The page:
The late author Norman Cousins credited laughter with helping him beat a potentially fatal connective tissue disease. After his diagnosis, Cousins moved into a hotel room, watched funny videos and movies, read funny books and magazines–and staged a stunning recovery. He said laughing is inner jogging.
Celebrity, Tom Dreesen discovers cure for road rage
Written by Lea Erwin
When Jay Leno asked the star of NBC’s hit show, “My Name is Earl” if he gave the finger when he drove in L.A.’s horrific traffic Jason Lee quipped, “It’s how we stay connected in L.A.”
Lee should take a lead from comedian/actor Tom Dreesen who says he has found the cure for road rage and a way to disconnect from finger waving.
“When I get stuck in traffic I play a CD of contagious laughter called ‘Laugh It Off’,” said Dreesen, who is chronicling his life story in a Broadway-bound play called, ‘Shining Shoes and Sinatra.”
Dreesen, who opened for Frank Sinatra for 13 years says, “I have ‘Laugh It Off’ on my CD changer and I found it to be the cure for road rage. It also helps our youth as the CD is a fundraising product for Hey U.G.L.Y.-Unique Gifted Lovable You, the nonprofit organization dedicated to helping youth with self-esteem and empathy-building tools, to help them counter challenges such as eating disorders, bullying, violence, substance abuse and suicide.”
Millions of American are under stress and when they get behind the wheel they cannot get through the day without experiencing some sort of road rage. In fact sixty-six percent of people surveyed by the National Highway Traffic Safety Administration feel that unsafe driving is a major threat to them and their families.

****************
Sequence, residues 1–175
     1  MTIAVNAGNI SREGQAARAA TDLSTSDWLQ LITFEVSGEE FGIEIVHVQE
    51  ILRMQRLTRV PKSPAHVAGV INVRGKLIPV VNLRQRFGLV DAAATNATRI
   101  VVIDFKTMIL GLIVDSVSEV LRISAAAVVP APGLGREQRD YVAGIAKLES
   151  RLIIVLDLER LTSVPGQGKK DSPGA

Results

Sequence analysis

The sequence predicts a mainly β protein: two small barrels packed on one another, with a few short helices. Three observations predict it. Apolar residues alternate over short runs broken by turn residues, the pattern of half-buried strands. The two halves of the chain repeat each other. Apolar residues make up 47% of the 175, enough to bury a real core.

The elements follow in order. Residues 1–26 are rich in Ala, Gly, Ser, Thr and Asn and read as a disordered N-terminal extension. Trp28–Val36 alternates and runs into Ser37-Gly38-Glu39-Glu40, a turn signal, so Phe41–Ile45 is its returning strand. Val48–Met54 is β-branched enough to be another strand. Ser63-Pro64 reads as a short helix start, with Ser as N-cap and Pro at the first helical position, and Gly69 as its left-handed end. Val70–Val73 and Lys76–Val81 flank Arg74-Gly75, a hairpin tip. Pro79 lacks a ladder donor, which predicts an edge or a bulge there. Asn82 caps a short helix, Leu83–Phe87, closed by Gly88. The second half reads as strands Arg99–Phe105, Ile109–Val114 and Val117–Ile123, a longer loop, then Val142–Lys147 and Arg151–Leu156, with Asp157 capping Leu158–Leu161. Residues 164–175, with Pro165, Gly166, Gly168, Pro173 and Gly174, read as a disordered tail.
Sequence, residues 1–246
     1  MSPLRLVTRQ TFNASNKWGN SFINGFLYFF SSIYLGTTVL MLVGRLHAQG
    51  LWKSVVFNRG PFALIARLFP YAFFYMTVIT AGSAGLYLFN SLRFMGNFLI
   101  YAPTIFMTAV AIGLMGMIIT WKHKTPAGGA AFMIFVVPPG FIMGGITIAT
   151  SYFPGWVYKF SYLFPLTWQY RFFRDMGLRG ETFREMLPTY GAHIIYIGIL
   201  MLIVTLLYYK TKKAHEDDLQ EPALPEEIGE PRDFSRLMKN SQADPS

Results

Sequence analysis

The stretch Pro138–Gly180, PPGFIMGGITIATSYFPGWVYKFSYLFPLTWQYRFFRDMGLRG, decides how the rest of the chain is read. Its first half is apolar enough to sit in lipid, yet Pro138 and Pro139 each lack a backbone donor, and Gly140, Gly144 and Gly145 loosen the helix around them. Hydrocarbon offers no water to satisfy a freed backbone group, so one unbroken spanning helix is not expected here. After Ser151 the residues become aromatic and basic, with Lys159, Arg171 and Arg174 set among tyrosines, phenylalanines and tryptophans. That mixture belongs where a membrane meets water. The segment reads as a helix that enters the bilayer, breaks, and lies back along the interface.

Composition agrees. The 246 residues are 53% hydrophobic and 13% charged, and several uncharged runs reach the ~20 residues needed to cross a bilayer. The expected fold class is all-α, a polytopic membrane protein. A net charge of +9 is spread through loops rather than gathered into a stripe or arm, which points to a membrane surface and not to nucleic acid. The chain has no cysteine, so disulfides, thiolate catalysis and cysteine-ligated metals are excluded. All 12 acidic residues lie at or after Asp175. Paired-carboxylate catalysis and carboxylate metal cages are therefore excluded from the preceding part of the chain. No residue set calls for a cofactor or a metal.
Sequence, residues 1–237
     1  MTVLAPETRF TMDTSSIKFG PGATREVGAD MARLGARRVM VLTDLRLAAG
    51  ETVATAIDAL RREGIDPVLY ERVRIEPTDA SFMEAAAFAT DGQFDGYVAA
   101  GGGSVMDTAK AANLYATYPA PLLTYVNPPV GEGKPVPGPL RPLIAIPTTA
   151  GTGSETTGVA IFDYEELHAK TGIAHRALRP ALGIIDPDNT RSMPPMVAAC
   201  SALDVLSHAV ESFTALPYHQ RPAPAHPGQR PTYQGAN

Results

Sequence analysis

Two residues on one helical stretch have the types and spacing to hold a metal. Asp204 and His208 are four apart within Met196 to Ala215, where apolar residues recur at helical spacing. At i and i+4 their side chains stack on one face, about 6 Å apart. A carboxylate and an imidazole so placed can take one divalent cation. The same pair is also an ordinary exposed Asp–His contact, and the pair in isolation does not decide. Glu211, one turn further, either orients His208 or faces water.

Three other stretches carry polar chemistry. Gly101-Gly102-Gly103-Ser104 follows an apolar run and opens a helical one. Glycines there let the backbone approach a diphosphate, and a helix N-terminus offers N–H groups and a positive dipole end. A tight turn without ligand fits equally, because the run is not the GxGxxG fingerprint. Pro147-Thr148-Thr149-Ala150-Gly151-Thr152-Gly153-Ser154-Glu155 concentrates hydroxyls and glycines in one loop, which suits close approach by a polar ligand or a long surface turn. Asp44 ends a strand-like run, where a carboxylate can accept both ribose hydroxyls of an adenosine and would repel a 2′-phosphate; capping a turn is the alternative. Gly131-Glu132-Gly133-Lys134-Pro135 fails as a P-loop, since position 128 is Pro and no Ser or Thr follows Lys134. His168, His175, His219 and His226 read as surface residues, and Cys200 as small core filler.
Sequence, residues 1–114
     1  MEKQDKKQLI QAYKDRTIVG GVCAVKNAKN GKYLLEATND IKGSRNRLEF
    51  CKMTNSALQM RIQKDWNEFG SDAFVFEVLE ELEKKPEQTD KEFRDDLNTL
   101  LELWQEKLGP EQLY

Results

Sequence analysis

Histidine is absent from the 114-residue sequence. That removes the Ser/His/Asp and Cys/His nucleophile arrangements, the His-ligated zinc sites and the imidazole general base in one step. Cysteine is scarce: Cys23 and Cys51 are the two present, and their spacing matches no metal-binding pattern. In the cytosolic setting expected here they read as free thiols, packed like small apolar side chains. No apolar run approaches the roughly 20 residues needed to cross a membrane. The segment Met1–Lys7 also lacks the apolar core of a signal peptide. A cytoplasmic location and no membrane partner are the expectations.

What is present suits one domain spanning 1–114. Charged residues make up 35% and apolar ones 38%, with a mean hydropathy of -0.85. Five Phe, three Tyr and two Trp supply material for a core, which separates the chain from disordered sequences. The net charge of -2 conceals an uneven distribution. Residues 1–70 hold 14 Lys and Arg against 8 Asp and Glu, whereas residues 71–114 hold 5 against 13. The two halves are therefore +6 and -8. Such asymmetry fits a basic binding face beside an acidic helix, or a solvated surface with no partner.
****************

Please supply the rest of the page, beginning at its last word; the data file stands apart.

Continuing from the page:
“Laughter is one of the most effective ways to reduce stress,” according to Dr. Andrew Weil who notes “…..preliminary research suggests laughter may also boost immunity, relieve pain, lower blood sugar in people with type-2 diabetes, and help protect against heart disease.”
Why did the charity choose to make a CD of contagious laughter?
“We know the healing powers of laughter and how it can relieve stress,” said Betty Hoeffner, the nonprofit’s co-founder.”Today youth are under tremendous stress and we wanted our CD to be a tool to help them de-stress and lighten up.”
According to the American Academy of Child and Adolescent Psychiatry, most teens experience more stress when they perceive a situation as dangerous, difficult, or painful and they do not have the resources to cope. Some sources of stress for teens might include: school demands and frustrations; negative thoughts and feelings about themselves; changes in their bodies; problems with friends; unsafe living environment/neighborhood; separation or divorce of parents; chronic illness or severe problems in the family; death of a loved one; moving to a new community; changing schools; taking on too many activities or having too high expectations; family financial problems.
Some teens become overloaded with stress. When it happens, inadequately managed stress can lead to anxiety, withdrawal, aggression, physical illness, or poor coping skills such as drug and/or alcohol use.
Dreesen may not be the expert on stress but he says that whenever he sees someone fuming in the car next to him he simply rolls down the window and blasts the laughter which either makes the person laugh or really p_ sses them off.”
In other words stress is experienced everyday either on the road or at home and providing a stress free environment of laughter might just be the “cure” everyone has been looking for. The CD is available at HeyUgly.org.